Unschooling is an unconventional way of educating your kid, just like homeschooling. These are not new philosophies since they have been around as long as the traditional education system has existed. However, while homeschooling is often unstructured or standardized, the state has given proponents of unschooling the green light to use it as an alternative to regular K-12 systems.
Unschooling is Older than You Think
Conventional systems are regarded as the traditional education system even though they are a new phenomenon. Unschooling is seemingly more natural to young students than the teacher-centered method because it existed long before the development of conventional learning institutions. Without formal education, children underwent unschooling since the dawn of civilization. However, the reverse is true today as conventional education has evolved into a highly competitive environment even as that was not the intention by its early proponents.
Homeschooling and unschooling are intimately intertwined, and most people mistake one form for the other. Unschooling is a class of homeschooling, and it was beer defined back in the 70s by John Holt, an education expert.
Generally, unschooling stimulates a child’s natural curiosity and follows a student-centered approach. Children tend to seek out knowledge as they grow older. Therefore, unschooling taps a child’s interest during multiple life situations so that they are able to better retain the lessons than during a controlled curriculum.
Like homeschooling, unschooling does not have a traditional grading system. This works in their favor because students do not have to attain any set grades because kids can be wrong and still learn from their setbacks. Unschooling promotes innovation and problem-solving as opposed to getting the right answers in a test. As John Holt observed in his book, How Children Fail, the prevailing school system causes students to be afraid of failing and consequently fear the resulting lessons.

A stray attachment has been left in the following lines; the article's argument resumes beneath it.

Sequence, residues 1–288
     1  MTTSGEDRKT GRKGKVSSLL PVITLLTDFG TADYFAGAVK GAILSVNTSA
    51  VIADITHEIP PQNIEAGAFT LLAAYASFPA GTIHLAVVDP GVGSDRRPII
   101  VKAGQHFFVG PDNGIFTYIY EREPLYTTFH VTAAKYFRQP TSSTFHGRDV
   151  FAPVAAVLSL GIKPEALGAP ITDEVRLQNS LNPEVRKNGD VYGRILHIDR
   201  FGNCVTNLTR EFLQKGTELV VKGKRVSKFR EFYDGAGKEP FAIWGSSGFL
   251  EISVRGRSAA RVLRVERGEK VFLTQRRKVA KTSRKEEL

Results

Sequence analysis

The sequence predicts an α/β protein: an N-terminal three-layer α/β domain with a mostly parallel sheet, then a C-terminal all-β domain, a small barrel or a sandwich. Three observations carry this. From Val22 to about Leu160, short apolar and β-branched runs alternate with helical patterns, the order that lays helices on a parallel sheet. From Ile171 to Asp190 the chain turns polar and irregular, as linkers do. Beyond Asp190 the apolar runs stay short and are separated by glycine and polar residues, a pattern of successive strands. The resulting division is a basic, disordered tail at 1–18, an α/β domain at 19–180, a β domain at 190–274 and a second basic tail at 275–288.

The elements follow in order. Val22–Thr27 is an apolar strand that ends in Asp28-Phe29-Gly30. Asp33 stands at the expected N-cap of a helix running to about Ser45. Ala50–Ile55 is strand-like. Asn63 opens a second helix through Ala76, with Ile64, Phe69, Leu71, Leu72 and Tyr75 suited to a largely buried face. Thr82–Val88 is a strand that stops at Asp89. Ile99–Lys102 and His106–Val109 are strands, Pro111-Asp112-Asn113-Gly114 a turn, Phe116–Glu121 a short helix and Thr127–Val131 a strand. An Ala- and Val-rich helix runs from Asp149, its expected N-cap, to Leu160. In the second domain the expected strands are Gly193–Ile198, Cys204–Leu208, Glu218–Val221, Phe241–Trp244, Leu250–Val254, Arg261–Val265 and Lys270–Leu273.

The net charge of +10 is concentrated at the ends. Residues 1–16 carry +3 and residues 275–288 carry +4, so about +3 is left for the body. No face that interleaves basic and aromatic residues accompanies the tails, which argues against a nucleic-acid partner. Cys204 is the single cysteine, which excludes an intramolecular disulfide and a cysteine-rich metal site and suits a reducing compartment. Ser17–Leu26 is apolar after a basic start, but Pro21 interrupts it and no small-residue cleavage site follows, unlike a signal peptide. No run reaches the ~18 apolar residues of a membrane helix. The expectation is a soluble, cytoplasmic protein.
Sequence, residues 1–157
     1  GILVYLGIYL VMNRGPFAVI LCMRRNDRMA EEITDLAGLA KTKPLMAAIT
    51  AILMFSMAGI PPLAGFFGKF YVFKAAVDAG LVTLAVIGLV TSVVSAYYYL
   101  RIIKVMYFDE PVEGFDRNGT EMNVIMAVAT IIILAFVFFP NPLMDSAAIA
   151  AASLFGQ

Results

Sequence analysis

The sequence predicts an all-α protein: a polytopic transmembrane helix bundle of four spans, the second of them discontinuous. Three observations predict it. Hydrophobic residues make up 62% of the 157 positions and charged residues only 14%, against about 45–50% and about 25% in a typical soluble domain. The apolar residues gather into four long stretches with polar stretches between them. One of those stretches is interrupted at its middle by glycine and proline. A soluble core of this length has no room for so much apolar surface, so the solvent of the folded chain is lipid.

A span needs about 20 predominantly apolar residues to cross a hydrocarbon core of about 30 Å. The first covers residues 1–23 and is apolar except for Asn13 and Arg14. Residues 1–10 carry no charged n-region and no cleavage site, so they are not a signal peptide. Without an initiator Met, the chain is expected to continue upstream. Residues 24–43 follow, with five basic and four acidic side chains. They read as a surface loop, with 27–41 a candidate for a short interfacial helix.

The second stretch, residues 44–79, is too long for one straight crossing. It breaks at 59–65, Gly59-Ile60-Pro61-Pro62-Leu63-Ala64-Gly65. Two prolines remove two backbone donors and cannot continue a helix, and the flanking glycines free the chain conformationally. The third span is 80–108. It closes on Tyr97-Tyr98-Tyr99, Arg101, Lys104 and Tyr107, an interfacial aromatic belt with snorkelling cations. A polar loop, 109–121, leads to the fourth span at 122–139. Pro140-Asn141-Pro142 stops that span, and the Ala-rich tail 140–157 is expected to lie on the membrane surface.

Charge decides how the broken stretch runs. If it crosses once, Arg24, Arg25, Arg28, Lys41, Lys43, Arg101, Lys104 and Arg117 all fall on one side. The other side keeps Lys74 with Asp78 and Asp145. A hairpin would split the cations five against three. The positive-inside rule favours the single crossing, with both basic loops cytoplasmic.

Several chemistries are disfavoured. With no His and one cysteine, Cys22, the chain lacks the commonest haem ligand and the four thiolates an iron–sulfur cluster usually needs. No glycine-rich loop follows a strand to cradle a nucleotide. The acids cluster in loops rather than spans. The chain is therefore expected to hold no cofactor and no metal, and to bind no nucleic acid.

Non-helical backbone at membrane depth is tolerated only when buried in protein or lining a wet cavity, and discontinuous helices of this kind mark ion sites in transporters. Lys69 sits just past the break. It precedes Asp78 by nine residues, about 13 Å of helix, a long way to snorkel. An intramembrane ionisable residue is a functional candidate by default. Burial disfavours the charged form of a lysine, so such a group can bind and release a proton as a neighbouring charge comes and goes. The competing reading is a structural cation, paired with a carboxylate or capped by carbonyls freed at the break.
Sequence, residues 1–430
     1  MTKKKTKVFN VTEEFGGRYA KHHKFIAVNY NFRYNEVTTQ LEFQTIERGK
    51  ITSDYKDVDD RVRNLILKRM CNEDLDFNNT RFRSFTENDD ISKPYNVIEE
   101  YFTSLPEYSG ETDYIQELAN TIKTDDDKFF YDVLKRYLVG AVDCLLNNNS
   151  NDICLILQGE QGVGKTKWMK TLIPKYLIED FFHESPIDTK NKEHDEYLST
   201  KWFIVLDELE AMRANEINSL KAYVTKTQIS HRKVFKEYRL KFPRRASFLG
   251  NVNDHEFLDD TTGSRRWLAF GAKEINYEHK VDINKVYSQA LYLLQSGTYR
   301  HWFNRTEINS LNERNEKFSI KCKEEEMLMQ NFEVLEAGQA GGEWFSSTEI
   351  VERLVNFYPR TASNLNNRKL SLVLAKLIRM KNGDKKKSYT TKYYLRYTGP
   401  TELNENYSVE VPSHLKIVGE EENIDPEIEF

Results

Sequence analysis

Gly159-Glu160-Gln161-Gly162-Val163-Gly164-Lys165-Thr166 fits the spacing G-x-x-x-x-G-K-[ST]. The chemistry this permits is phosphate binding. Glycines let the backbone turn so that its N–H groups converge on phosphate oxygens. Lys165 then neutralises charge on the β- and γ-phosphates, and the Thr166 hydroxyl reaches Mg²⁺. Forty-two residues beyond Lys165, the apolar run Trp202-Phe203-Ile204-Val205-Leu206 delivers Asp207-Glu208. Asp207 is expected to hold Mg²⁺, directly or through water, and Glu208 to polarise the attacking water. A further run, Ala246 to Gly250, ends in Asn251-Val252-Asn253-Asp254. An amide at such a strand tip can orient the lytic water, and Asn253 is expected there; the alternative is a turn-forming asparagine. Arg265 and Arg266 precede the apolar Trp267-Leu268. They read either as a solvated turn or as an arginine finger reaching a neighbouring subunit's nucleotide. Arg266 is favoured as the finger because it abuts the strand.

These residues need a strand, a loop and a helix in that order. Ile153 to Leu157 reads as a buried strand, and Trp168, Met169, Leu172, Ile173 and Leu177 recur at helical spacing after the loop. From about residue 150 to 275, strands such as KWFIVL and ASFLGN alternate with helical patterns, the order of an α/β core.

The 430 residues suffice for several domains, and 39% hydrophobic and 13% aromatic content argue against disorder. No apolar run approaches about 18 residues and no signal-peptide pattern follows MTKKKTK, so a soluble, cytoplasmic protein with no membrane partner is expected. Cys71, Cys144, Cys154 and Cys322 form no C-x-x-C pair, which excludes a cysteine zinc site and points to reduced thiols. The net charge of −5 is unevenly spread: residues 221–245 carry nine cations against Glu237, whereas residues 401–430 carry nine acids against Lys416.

The current education system is standardized and trains students for a particular set of jobs. Unfortunately, the job market is an ever-changing landscape, and the World Economic Forum predicts that close to 70% of students will have to settle for nonexistent careers or be out of a job.
On the flip side, unschooling encourages students to explore their curiosity. Also, the system encourages kids to be persistent students throughout their life. These tenets encourage problem-solving, and graduates of an unschooling system can leverage their adaptability in the dynamic job market.
Final Thoughts on Unschooling
Unschooling, like conventional education, has its ups and downs. One drawback of the system is that children do not have an opportunity to interact with their peers and further on integrate into society. Moreover, low-income families are disadvantaged since they normally have to choose a conventional system.
On the other hand, your unschooled children get a chance to explore their curiosity, unlike in a conventional system. Also, you’ll easily instill principles not found in a regular classroom. For instance, your children will not view failure negatively, but as an opportunity to learn something they weren’t aware of.
Have you ever unschooled your children? Leave a comment and your thoughts about the system.